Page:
Kettleful of questions accompany pot
Whether this kettle of fish will wind up calling the pot movement here black is anybody’s guess.
“This kettle of fish” mentioned above is the action on Independence Day eve by Carson City’s Board of Supervisors. If you were off the grid or paying no heed, be advised the board approved zoning and related local regulations for medical marijuana establishments in Nevada’s capital city. A new day is virtually certain to dawn soon, with two dispensaries and any number of cultivation, production and testing facilities allowed if approved individually later.
There are those who rue Thursday evening action as the culmination of a black day, fearing marijuana for medicinal purposes will cause multiple problems and open the door to recreational pot advocates. Most others, if you take into account a majority approved putting the medical pot concept into the state Constitution 14 years ago, may view this as a move in the right direction.
One lingering question is whether Nevada’s medical marijuana system is a precursor to the Silver State eventually joining Colorado and Washington state as places where recreational pot usage is legalized. No one knows the future, but commercial forces are steaming toward creation of a burgeoning hemp industry with related spinoffs and tentacles reaching everywhere dollars can flow.
One small example came to light in Nevada not long before Carson City’s Board of Supervisors voted to adopt its pot ordinance. Cannabis Sativa, Inc., a company traded publicly over the counter, announced from Mesquite in Southern Nevada it had acquired a subsidiary and also named Gary Johnson, former New Mexico governor and Libertarian candidate for U.S. president, as Cannabis Sativa’s new president.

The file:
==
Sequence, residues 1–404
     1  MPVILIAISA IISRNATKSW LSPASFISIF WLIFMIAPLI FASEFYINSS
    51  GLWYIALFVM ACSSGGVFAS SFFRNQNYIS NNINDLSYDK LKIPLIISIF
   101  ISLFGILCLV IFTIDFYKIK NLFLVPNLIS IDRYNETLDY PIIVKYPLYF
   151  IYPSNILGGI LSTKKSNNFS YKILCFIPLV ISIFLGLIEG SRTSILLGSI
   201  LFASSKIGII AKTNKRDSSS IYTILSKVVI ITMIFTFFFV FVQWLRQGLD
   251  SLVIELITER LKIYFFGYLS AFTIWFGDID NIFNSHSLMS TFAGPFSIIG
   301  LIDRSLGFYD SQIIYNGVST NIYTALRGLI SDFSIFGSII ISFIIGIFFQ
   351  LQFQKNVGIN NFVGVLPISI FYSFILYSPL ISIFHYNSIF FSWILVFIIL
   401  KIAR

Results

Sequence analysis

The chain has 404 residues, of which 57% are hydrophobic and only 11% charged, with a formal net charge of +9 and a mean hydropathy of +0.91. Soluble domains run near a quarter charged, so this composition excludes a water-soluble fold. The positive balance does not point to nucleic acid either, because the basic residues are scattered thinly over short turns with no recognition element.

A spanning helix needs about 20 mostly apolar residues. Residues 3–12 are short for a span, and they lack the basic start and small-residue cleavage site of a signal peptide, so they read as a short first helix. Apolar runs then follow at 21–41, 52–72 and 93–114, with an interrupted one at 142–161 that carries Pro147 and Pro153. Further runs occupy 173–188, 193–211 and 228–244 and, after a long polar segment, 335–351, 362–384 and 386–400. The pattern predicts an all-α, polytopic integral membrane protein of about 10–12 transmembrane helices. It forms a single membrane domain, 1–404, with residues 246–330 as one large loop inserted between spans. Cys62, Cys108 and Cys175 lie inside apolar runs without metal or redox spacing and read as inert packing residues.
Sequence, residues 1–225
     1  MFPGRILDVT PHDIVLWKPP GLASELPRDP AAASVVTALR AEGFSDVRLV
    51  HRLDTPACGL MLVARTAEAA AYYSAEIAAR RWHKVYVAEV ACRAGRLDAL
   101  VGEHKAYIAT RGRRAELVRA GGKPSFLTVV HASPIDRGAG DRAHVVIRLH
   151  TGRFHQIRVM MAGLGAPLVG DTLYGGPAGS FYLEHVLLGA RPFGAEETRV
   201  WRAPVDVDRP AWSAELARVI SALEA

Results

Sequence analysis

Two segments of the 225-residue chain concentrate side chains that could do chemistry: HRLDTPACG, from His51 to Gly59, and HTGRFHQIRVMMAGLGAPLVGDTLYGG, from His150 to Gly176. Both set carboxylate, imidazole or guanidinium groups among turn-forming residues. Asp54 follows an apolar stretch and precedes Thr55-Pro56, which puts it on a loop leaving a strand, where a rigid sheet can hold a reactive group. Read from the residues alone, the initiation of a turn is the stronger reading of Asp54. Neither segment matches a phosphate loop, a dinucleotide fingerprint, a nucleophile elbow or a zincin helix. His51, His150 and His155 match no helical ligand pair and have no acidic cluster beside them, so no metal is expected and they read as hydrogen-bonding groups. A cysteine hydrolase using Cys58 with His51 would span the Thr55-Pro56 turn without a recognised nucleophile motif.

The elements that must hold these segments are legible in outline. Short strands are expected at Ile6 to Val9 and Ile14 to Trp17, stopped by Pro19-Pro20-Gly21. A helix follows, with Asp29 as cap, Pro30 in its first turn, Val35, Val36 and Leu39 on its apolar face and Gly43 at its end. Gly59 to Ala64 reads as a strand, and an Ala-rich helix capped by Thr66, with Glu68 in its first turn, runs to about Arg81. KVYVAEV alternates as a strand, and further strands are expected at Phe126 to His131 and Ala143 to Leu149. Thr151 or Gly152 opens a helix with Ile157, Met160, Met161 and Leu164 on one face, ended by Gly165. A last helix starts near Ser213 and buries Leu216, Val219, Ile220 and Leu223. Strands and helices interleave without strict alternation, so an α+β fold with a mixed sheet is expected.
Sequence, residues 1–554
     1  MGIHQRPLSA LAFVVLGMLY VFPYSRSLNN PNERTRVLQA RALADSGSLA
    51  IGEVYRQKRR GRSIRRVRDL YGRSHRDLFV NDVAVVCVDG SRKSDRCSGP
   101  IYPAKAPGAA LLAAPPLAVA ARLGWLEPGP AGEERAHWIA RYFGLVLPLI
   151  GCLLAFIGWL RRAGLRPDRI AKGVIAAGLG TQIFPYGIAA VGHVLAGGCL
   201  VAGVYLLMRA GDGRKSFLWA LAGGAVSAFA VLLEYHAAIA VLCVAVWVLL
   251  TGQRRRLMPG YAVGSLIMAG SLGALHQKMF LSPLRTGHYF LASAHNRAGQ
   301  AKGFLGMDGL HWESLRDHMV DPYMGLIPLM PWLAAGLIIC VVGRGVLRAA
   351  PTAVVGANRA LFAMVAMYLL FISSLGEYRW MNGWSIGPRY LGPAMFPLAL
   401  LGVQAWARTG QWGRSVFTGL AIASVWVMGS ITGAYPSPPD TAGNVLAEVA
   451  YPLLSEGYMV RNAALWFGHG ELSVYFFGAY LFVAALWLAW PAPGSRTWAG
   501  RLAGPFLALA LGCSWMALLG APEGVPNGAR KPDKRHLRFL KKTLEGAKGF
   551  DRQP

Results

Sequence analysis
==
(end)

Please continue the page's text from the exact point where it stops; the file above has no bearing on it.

“With the legalization of marijuana in Colorado and Washington, we are already seeing that the demand is significant,” Johnson was quoted as saying. “We believe the opportunity is here to deliver products that could change the world for the better.”
Johnson’s views on legalizing pot are old news. But his new role in the growing national pot business trend is interesting as forces of change gather. Cannabis Sativa, Inc., which trades under the symbol CBDS, said it’s an intellectual property and cannabis company. It also has a website list of more than 170 publicly-traded companies linked to cannabis-related work or ventures. From A to Z, they range across this growing landscape.
Among them are Abbott Laboratories (symbol ABT), a pharmaceutical giant that was identified as into synthetic cannabinoids, and Zoned Properties, Inc. (ZDPY), which does real estate acquisitions, development and grow facility leases.
It all brings to mind a kettleful of pot questions.
John Barrette covers Carson City government and business. He can be reached at email@example.com.